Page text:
In almost any form of mining, abrasion is an ongoing asset-protection issue. Abrasion can rapidly destroy loading and haulage equipment tires, for example, leading to premature and costly replacement, not to mention the potential for vehicle accidents. The same applies to the steel plating on haul truck bodies; if not protected, abrasive material often can rapidly wear down the plating to a point where rebuilding or replacement is necessary long before expected.

                Consequently, equipment fleet owners have a high level of interest in finding effective, economical wear-protection solutions. Here are two approaches that offer the prospect of better tire and truck-body service-life longevity.

Sidewalls: A Truck Tire’s Point of Vulnerability
Haul truck fleet operators, for example, have long contemplated the possibility of adopting the same remedy—chain sets—used to protect the tires of loading and utility equipment such as wheeled dozers and graders. Fitting a suitably patterned, durable set of traction chains to a truck’s drive wheels could provide more grip and deflect abrasion away from the tread. But there still remains the risk of tire-sidewall damage from sharp rocks.

                With wheeled loaders, dozers and graders it is accepted practice to protect their tires from sidewall damage with a tight-meshed set of chains. However, while tire sidewall protection chains have been tried, under extreme conditions, on trucks, the long haulage distances involved make this solution impractical and short-lived.

                Some 70 years ago, responding to the needs of newly arrived, pneumatic-tired mining loaders, Germany-based RUD-Erlau developed the concept of a tire protection chain (TPC), and since has gone on to grasp what it claims is more than 65% of the world market

for TPCs and traction chains in heavy industrial applications. RUD-Erlau was well aware of the vulnerability of truck tire sidewalls and asked its research and development team to tackle the problem.

                The team’s first instinct was to create a product based on steel-alloy elements. However, success only came when the focus turned to a combination of metal and nonmetal materials. The result is Sideflex, in which a sturdy set of replacement lug nuts and extensions mounted on a truck wheel support a simple steel ring to which is attached a fanned array of overlapping shield plates that cover the entire sidewall of the tire, deflecting rock fragments away.

                Although the mounting components are made of steel, the Sideflex shield is composed of a sophisticated engineering polymer that has found many applications in the automotive and other industries. This material has a unique memory capability that enables the shield plates to flex and deform upon impact and then return to their original shape without any loss of integrity.

                The Sideflex assembly is lightweight and low-profile, according to RUD-Erlau, which reports that the product already has undergone many months of extensive field trials in a local quarry, and continues to perform well under the site’s harsh conditions.

Tacking Extra Service Life onto Truck Bodies
The decision to extend the life of one of the largest copper and gold mines in Papua New Guinea has resulted in a significant haulage fleet upgrade, with 25 new 250-mt trucks put to work hauling copper ore from the mine to the crusher. To extend the service life of haul truck bodies for this new fleet, the mine selected Keech Australia’s Keeplate wear material to line the truck bodies.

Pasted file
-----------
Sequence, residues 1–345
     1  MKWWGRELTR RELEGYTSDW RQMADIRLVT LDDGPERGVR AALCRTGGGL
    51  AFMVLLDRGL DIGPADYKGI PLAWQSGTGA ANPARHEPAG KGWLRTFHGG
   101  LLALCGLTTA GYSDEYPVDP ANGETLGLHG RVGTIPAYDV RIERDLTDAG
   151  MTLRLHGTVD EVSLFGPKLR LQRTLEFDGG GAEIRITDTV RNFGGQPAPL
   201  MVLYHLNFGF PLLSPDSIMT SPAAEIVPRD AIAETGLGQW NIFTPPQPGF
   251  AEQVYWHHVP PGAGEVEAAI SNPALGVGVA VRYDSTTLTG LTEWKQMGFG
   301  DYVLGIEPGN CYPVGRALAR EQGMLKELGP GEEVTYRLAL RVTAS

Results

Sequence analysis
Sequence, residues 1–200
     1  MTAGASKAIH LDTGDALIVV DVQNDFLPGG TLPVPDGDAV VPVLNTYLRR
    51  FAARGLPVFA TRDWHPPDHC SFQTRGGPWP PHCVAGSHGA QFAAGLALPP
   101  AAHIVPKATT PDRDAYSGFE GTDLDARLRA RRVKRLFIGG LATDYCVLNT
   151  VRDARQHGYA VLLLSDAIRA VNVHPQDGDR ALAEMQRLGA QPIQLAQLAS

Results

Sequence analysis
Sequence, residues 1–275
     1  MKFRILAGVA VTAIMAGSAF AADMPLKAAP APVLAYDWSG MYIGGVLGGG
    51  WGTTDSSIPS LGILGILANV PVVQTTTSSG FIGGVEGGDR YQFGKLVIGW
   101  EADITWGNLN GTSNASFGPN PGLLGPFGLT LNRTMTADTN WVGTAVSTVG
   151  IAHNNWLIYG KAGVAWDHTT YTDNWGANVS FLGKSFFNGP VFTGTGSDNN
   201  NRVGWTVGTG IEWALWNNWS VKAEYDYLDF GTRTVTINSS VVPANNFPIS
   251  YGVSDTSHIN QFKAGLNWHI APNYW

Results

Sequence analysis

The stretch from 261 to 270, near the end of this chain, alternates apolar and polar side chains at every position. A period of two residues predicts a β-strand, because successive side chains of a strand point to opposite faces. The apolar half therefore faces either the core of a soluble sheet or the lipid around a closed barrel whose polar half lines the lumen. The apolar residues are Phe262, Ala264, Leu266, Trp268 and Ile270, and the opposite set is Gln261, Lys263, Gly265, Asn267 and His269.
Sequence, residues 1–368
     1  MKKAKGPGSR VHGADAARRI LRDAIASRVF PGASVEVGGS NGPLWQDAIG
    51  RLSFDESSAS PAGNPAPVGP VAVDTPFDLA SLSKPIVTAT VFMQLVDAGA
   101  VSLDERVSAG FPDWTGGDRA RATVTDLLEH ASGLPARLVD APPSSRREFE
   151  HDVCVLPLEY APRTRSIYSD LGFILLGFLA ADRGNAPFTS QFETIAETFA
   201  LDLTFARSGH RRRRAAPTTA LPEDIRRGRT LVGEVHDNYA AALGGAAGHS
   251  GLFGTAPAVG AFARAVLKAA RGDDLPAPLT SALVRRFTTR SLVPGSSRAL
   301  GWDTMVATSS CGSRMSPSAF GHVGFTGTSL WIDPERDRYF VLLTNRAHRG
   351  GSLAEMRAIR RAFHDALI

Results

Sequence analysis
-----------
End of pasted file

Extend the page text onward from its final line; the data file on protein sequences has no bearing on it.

Keeplate is manufactured from chromium carbide beading welded onto a 250 grade steel base and is available in a range of thicknesses.

                Keech Australia’s Michael Scott, who works directly with a number of mines in Papua New Guinea, said the installation of Keeplate can significantly increase the life of the bodies, buckets and blades of mines equipment on which it is used. Other applications for Keeplate include dozer mouldboards, shovel and loader buckets, skid plates and high speed chutes.

                When it came to choosing the most appropriate thickness for truck tray liners, consideration was given to overall weight of the liner plates along with the impact conditions. “You don’t want to add too much weight to the tray, particularly when the trucks are used for downhill loads. At the same time, you want the plates to be thick enough to provide maximum protection, so it’s a matter of balancing these two issues to find the right Keeplate for the job,” said Scott.

                Keech reports its Wearpact system, a patented ground engaging tool designed for underground loader buckets, also is proving popular in Papua New Guinea.

                Manufactured from high-impact and wear-resistant steel, Wearpact features multiple retentions to prevent the castings from coming loose, but installation and removal can be quick, due to a hammerless wedge retainer system.

                “The Wearpact system is designed for full bucket nose protection and a clean upper lip plane finish. There is no intrusive casting inside the bucket to hinder loading or dumping operations. The system also provides the option of moving from semi-spade to full-spade by simply changing the castings,” said Scott. “It’s been manufactured to wear from the bottom up, which gives a greater wear-away to throw-away ratio, thereby reducing the overall cost for the mining operator.

                “We’re currently fitting the system to a fleet of underground loader buckets in a large copper and gold mine in the highlands region of Papua New Guinea following a successful trial of the system.

                “Given that the Wearpac system is also suitable for surface loaders, it has huge potential to improve operations at a large number of mines across Papua New Guinea,” he said.